It’s to Rocky’s credit as a producer that he’s fascinated by a wide range of musical styles; he drew flack in his early days for borrowing from hip hop sub-genres from around the US, rather than sticking to the sounds of his native New York.

He’s never been shy about acknowledging his debt to the Houston “Chopped and screwed” style, which pitch-shifts vocals until they are low, slow and slurred. The effect mimics the experience of drinking a toxic concoction of prescription-strength cough syrup that contains codeine and sedatives – the subject of Rocky’s early hit Purple Swag. It was most likely responsible for the death both of the Houston sound’s pioneer, DJ Screw, in 2000, and ASAP Yams, co-found-er of ASAP Mob and Rocky’s most valued mentor, in January.

Yams is credited as an executive producer on the album and his loss is a huge blow to Rocky as both an artist and as a person already too acquainted with tragedy. (He lost his father to prison at 12 and his older brother to a fatal shooting the following year.) Also on the lengthy list of producers are the stars Danger Mouse, formerly of Gnarls Barkley, and Mark Ronson, whose hit Uptown Funk was inescapable over the winter.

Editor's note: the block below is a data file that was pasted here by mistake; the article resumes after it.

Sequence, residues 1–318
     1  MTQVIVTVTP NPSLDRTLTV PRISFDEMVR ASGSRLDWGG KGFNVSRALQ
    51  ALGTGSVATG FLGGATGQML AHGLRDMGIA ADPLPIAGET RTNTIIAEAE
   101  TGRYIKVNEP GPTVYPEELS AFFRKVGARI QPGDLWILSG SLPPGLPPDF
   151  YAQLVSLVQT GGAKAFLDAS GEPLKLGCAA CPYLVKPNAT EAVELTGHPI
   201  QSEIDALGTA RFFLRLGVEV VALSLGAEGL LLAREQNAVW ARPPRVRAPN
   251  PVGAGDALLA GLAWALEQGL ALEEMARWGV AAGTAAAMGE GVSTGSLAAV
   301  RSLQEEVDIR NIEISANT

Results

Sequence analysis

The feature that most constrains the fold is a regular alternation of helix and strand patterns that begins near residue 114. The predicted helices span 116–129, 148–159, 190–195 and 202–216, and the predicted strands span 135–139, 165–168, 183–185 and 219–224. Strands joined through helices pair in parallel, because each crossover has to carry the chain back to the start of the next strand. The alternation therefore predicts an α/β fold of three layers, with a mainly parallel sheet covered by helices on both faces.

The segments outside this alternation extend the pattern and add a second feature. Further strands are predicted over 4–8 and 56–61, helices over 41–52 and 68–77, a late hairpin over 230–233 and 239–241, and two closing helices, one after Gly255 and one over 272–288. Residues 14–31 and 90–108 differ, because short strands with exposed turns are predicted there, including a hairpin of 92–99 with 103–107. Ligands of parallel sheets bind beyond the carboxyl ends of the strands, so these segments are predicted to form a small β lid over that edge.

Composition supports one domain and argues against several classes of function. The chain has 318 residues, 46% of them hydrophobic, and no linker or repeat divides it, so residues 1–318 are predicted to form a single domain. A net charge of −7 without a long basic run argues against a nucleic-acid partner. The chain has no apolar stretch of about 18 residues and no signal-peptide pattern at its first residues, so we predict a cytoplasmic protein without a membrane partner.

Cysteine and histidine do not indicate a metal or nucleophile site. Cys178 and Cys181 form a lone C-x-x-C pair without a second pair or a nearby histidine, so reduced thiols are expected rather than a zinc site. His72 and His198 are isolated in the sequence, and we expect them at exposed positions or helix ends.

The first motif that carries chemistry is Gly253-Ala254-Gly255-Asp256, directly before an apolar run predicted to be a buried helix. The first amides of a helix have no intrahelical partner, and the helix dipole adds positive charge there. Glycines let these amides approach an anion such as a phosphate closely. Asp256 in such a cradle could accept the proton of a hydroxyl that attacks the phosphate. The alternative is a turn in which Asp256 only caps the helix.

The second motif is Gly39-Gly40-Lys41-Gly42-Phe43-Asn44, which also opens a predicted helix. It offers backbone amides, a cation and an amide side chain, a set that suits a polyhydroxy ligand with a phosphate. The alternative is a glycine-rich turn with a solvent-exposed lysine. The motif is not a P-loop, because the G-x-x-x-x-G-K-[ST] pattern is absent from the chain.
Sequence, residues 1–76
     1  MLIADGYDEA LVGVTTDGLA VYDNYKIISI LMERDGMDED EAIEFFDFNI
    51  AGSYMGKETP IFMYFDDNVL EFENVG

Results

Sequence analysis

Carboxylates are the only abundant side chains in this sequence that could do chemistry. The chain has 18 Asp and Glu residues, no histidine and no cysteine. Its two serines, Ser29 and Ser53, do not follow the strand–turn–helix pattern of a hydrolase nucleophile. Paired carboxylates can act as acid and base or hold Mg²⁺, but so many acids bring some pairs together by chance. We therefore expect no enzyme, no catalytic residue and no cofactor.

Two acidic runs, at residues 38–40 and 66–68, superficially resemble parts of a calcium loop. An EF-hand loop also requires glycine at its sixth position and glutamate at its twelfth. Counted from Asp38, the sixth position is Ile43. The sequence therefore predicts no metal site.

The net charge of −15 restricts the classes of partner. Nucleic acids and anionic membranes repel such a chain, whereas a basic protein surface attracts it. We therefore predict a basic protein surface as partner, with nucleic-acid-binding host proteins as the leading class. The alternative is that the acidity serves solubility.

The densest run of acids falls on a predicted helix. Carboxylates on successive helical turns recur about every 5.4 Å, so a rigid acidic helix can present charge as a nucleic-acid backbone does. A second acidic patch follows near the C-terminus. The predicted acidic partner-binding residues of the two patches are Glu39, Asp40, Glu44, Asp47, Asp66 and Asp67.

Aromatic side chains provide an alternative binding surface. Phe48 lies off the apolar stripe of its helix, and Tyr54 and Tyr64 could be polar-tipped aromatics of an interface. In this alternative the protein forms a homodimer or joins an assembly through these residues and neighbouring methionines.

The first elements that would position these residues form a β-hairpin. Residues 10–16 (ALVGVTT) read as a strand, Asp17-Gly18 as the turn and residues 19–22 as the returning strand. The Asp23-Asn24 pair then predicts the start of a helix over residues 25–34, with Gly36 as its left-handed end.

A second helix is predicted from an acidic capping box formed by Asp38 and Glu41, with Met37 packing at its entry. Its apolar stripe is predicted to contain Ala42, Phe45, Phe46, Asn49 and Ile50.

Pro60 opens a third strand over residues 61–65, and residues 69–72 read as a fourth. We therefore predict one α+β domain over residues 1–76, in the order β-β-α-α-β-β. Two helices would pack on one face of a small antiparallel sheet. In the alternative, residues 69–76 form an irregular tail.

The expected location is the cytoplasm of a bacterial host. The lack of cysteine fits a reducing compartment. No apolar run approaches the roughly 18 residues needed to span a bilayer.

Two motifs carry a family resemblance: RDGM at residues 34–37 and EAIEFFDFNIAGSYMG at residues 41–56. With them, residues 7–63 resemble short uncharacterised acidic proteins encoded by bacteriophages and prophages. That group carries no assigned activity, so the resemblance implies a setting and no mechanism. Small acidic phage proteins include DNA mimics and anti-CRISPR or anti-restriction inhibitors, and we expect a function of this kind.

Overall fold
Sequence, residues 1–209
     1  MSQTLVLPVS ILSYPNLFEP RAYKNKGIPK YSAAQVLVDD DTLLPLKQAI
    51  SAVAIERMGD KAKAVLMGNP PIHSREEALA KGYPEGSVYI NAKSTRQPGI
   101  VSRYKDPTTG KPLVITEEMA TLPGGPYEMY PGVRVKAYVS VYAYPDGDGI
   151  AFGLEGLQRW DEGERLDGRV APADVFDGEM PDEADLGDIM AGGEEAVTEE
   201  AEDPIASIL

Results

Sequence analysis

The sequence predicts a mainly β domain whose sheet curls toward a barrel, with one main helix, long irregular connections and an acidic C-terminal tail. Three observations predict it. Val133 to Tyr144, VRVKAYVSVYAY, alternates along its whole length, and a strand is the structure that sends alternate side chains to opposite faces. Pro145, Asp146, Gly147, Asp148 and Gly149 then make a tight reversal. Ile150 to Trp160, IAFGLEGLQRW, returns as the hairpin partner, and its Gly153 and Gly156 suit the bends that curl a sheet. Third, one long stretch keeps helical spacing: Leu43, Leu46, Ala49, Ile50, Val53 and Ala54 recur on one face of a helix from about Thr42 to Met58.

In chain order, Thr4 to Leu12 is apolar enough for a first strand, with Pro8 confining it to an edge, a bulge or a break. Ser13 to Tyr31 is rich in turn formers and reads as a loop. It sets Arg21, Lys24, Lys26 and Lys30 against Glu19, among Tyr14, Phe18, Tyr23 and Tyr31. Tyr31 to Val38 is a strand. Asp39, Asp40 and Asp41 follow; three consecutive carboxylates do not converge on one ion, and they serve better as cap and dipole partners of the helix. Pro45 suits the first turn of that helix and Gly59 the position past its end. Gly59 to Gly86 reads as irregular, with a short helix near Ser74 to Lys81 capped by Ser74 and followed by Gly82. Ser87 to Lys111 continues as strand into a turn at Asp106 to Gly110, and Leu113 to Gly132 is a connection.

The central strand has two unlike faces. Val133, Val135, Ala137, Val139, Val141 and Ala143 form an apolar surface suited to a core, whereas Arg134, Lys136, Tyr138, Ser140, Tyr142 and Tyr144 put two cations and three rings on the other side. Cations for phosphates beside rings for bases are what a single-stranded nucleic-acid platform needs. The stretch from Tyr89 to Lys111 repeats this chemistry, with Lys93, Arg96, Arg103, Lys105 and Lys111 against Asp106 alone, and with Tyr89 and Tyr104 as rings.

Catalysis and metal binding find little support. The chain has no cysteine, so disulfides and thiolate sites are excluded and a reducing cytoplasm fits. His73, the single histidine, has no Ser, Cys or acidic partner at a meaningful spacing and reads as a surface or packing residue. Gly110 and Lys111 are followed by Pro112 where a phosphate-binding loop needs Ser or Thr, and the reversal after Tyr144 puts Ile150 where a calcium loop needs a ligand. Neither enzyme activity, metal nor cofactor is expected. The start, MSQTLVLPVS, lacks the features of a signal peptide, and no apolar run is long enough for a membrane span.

Many of the tracks on At. Long. Last. ASAP are slow, murky and not particularly radio friendly, sounding like a reveller trying his best to stay conscious, or happily drifting away. LSD, one of the album’s three singles, is stripped-down, full of sighs, gasps, sparkling waves of keyboards and Rocky’s hushed voice singing about feeling alternately loved-up and alienated: “Party just started up/ Dreamin’ of sharin’ worlds/ Held this feeling for way too long/ Said ‘I really wanna let it go.’”

Everyday is another single, which features a sample of Rod Stewart, of all people, singing a chorus from a Python Lee Jackson song. It comes across at first like the soundtrack to a Sunday afternoon snooze, but it’s enlivened by Rocky’s verses, in which he’s bragging about Porsches and conquests one second, and playing word association games with darker themes the next: “I’m seeing ghosts/ A solo is now a poet, hypnosis, overdose on potions/ Adjusting to the motions and getting out all my emotions.”